After yet another attack on a school campus, local campuses are using it as a reminder to always be ready.
But how do you prepare for an unexpected attack?
Cal State Bakersfield has almost 10 thousand students. Police chief Marty Williamson says his officers constantly train for an event like the one that happened at Ohio State.
“Our response time for priority calls out here is 90 seconds. 90 seconds to two minutes. Which means most of the time you're going to engage an active shooter and disrupt them, that is our hope,” said Williamson.
Chief Williamson says CSUB officers train at least twice a year. They watch presentations and also do tactical training.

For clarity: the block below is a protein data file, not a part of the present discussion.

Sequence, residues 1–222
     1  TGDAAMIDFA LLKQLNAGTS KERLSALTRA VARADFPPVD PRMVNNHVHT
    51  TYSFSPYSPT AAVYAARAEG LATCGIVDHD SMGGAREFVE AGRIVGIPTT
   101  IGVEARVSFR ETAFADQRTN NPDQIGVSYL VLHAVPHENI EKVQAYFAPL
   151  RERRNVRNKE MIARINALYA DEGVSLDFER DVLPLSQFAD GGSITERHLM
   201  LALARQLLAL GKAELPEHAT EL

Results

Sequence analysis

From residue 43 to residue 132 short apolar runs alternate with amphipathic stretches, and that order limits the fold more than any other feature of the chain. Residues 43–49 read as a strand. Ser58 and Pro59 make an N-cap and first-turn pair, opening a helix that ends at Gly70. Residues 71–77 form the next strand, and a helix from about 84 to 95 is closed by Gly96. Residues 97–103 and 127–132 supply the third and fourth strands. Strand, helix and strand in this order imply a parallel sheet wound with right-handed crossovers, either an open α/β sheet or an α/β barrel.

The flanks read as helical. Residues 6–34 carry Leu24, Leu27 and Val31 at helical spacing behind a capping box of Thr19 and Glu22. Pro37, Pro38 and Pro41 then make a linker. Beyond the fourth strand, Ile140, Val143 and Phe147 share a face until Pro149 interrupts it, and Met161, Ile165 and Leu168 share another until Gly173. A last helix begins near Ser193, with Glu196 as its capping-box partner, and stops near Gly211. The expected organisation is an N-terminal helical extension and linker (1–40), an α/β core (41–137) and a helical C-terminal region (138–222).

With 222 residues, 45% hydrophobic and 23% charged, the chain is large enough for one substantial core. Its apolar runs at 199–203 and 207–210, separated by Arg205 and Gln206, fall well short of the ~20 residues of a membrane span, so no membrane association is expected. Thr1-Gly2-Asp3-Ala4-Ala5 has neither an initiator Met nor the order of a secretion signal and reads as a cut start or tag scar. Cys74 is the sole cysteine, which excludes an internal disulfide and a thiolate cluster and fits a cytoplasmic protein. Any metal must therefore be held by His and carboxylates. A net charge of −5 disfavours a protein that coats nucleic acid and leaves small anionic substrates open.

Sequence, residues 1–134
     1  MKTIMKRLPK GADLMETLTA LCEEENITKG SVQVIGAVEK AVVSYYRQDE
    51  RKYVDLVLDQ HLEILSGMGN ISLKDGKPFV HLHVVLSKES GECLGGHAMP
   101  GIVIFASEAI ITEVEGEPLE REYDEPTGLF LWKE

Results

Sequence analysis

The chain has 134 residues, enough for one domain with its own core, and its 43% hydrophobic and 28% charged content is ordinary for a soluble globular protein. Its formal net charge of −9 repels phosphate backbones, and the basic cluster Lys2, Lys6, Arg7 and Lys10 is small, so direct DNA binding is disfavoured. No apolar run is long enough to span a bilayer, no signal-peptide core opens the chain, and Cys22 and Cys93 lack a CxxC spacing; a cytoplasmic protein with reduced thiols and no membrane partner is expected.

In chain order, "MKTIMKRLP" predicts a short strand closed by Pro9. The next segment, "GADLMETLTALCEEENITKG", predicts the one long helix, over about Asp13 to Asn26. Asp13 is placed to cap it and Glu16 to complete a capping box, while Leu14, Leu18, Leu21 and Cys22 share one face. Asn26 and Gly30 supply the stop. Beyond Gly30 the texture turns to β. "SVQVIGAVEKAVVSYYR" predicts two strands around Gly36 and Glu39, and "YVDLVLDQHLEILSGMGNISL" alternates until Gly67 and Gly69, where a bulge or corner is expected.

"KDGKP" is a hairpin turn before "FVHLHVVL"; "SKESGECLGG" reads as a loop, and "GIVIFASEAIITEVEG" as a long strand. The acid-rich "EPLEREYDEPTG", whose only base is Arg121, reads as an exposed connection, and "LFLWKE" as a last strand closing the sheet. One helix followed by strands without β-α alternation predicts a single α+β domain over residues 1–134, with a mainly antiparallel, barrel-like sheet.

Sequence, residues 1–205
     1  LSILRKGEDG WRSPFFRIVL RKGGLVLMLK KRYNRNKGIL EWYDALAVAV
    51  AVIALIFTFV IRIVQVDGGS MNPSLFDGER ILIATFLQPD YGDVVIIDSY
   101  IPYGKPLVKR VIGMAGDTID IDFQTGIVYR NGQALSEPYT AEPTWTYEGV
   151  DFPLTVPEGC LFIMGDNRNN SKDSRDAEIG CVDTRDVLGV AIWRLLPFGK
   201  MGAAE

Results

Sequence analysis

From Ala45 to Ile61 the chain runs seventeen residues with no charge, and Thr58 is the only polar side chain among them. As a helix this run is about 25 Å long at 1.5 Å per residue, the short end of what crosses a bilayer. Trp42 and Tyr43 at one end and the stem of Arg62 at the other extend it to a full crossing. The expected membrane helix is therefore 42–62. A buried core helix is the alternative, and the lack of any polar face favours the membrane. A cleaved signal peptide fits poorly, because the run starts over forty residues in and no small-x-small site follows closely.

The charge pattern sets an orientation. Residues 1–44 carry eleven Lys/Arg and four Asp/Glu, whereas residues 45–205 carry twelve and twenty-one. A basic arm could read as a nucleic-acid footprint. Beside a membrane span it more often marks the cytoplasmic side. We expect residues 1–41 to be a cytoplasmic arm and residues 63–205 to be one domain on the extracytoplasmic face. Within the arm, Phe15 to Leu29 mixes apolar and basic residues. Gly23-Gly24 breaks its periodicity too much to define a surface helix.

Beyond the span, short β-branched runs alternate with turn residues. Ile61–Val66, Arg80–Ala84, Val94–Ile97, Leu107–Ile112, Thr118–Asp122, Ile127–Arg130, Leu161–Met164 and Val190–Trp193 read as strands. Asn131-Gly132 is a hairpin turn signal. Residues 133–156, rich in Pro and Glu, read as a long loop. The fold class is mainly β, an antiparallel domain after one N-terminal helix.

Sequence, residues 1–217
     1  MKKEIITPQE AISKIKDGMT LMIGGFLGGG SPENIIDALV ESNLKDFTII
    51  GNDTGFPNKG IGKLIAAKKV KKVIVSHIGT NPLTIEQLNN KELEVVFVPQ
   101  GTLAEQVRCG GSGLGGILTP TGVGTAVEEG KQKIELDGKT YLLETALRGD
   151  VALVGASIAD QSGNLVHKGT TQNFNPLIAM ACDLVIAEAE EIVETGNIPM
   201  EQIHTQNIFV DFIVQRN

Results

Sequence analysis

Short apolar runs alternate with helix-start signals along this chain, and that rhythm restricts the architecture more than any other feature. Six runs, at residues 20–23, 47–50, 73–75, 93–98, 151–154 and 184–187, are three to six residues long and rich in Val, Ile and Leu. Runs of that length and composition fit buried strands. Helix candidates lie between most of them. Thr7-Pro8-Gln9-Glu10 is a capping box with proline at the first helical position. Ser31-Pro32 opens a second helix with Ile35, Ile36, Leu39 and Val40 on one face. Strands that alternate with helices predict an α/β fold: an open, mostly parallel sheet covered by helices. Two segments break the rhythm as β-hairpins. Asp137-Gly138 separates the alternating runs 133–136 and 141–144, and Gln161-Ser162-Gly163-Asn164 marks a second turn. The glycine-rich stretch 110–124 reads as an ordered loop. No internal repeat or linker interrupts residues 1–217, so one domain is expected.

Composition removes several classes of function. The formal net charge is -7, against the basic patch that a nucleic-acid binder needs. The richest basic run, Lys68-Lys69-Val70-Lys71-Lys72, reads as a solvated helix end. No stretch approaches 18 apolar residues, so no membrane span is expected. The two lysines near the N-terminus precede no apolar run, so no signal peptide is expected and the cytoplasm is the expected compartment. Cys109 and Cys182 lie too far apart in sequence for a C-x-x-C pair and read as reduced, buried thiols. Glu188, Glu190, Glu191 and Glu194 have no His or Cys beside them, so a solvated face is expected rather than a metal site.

The students and staff are also invited to active shooter trainings. The training teaches the run, hid and fight tactic; run to safety if you can or hide and be prepared to fight your attacker to survive.
“We just break it down a little bit more and we go into those things, and a lot of it's from lessons learned unfortunately from other tragedies across the nation,” said Williamson.
Preparation that Williamson says is key to surviving a lone wolf attack.
“You play how you practice, and you can't just train once and expect to be on your game, so part of that comes from teamwork and part it comes tactics, part of it becomes communication,” said Williamson.
CSUB does have a similar alert system like the one used at Ohio State. In the event of an emergency, students and staff will receive a phone call, text and email with information about the emergency.